"It was amazing," Meyers said. "It was like a small piece of me got put back together. There's still one piece missing. But now, I have this piece. And now, we don't have to deal with this alone."

Investigators are still looking for answers as to questions about what may have happened to Travis, after he was last seen near a bush close to the cabin in Pinyon Pines 26 years ago. 

Below is an artist's rendering Riverside County Sheriff's Deputies said of what Zwieg would look like today at 29 years old. 


But both Meyers and Zwieg said they believe Travis may have been taken, not by a stranger, but by family.

"I believe that my grandfather or my mother had my brother kidnapped," Meyers said. "I think that my mother knows something. They (Travis's maternal grandparents) didn't like my dad. They didn't like him at all. They had issues with him from day one. They didn't like Travis. My mother and grandmother had taken me shopping that day for some unknown reason. Weekends prior to that, we were up here as a family. But that first weekend, I wasn't here. And he disappeared."

"He wasn't a wanderer," Zwieg said of his son. "He really wouldn't have went with strangers. It happened so fast, and obivously he went away with whoever it was, quite willing. I have the feeling that they (Travis's maternal grandparents) wanted our relationship to go away. They tried several times to make it go away. For them to all of a sudden on a Thursday night say, 'Please stay home with Jessica so we can go shopping,' That was just almost absurd."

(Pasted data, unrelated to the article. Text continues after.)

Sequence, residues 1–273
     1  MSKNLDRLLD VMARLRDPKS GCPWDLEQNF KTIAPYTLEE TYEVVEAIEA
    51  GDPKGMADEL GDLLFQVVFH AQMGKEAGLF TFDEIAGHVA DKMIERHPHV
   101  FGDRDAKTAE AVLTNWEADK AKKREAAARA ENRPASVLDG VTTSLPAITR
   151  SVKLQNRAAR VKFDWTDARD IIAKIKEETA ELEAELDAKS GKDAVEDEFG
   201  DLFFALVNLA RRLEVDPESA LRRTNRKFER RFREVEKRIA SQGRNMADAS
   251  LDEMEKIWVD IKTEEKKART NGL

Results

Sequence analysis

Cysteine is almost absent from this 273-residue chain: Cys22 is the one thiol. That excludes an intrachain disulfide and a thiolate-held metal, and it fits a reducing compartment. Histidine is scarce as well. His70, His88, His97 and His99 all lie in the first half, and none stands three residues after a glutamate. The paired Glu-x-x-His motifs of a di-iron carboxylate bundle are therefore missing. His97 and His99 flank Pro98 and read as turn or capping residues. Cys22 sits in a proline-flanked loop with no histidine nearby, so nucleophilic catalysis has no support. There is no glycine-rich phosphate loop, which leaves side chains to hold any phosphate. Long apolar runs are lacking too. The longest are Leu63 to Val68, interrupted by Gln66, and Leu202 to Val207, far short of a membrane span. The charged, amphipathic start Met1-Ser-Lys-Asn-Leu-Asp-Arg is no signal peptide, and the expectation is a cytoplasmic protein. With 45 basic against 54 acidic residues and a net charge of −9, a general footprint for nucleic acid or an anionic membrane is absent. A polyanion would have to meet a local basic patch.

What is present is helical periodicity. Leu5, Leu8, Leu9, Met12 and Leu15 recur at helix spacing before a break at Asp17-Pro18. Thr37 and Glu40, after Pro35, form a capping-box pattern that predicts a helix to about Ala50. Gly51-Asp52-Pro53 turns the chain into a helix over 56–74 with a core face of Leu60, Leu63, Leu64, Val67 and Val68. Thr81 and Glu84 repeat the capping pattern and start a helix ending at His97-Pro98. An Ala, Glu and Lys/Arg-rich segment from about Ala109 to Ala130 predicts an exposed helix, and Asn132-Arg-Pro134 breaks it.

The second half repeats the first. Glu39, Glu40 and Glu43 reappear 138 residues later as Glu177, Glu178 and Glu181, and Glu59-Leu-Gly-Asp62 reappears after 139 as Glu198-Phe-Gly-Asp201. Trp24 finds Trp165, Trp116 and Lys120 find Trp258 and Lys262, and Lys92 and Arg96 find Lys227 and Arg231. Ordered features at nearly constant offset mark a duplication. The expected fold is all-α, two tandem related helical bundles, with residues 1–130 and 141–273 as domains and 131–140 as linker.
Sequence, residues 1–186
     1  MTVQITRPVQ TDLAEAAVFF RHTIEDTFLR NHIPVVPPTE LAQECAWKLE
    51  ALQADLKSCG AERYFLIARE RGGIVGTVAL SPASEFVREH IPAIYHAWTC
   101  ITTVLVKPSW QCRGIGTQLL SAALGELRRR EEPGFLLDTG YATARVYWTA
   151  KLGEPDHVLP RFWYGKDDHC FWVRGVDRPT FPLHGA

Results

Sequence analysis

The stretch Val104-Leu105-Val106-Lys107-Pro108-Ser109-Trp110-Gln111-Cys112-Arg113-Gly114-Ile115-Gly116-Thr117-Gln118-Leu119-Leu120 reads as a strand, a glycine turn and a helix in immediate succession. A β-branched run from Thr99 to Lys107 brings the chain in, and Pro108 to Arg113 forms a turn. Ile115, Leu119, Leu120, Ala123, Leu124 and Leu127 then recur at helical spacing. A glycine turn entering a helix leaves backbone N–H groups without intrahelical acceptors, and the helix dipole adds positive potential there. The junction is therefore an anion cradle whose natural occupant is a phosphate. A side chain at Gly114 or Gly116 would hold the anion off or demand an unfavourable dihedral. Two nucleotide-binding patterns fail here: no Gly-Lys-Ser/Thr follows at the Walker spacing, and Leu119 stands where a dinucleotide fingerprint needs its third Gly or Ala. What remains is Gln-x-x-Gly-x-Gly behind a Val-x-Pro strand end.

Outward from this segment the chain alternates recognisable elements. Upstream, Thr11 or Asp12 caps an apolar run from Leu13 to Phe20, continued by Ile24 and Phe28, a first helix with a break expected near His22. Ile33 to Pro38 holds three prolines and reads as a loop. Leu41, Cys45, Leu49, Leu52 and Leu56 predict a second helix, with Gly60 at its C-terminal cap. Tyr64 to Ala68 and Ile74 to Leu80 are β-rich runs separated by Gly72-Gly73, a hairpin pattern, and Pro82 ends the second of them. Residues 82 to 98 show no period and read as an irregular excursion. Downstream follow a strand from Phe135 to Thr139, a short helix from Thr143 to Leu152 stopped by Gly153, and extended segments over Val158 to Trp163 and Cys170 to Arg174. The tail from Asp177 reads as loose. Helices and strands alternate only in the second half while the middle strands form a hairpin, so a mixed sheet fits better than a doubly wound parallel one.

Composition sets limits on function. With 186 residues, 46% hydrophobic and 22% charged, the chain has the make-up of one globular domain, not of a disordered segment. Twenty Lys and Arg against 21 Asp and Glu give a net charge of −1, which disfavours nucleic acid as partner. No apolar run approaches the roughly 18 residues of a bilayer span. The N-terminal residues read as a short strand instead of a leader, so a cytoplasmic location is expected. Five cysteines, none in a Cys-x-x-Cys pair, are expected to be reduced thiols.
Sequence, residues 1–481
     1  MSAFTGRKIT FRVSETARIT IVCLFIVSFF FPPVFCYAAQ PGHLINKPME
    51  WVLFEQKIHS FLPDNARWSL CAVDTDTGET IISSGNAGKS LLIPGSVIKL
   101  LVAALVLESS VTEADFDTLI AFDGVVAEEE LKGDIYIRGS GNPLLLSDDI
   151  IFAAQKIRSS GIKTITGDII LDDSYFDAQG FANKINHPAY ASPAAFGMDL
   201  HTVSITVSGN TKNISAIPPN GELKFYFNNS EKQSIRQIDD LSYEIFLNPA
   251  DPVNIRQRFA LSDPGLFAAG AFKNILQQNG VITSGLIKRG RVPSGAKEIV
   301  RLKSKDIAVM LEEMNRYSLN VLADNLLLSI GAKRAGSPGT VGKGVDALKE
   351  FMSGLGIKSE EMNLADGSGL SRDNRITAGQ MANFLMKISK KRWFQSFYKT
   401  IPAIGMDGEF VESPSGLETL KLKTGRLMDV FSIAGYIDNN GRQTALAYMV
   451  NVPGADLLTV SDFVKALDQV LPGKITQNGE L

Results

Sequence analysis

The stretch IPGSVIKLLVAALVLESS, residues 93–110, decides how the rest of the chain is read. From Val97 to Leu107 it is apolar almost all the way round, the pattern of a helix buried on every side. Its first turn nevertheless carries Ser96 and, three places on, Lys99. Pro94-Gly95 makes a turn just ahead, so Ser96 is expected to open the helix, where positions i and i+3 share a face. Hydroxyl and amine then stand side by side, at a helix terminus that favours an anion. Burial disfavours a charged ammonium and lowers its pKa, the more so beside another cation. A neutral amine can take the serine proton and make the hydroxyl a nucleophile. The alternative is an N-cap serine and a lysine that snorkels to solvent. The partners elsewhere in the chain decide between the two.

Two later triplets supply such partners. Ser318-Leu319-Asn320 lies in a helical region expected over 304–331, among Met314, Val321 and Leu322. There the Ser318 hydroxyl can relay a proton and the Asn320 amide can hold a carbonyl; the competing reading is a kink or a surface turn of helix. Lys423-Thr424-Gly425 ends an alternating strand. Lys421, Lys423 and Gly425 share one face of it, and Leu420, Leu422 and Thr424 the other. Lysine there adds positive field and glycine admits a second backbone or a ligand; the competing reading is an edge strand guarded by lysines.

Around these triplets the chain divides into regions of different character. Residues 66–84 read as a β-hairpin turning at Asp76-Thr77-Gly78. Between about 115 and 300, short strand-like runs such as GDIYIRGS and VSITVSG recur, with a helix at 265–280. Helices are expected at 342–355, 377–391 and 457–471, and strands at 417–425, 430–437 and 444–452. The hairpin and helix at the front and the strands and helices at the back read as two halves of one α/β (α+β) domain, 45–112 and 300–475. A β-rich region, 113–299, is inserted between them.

After talking with them in our original report, we brought these allegations from Meyers and Zwieg to investigators with the Riverside County Sheriff's Deparment. Investigators said they're looking into gathering more information by reaching out to Travis's other family members. They said no one has been charged in this case. 

Now reunited, both Meyers and Zwieg said they're hoping to one day soon see their son, brother and best friend again. 

"We all love you and miss you, and we just want you to come home," Zwieg said. 

"I feel it," Meyers said. "I know in my heart that he's still alive. I think he's out there somewhere. He just doesn't know who he is. Travis, come home. Please come home. We're all waiting for you. We miss you so much, and none of this should've had to happen. I love you. We'll never stop looking for you."

Both Meyers and Zwieg said they've agreed to provide updated DNA samples to investigators. 

Meyers said both of her maternal grandparents have died since Travis's disappearance.

KESQ tried to contact Travis's mother, but we were unable to reach her. 

If you have any information related to this case or Travis Zwieg's whereabouts, you're asked to call the Riverside County Sheriff's Department's Palm Desert Sheriff's Station at (760) 836-1600.

Click here for our original report with Riverside County Sheriff’s Department investigators on the search for Travis Zwieg.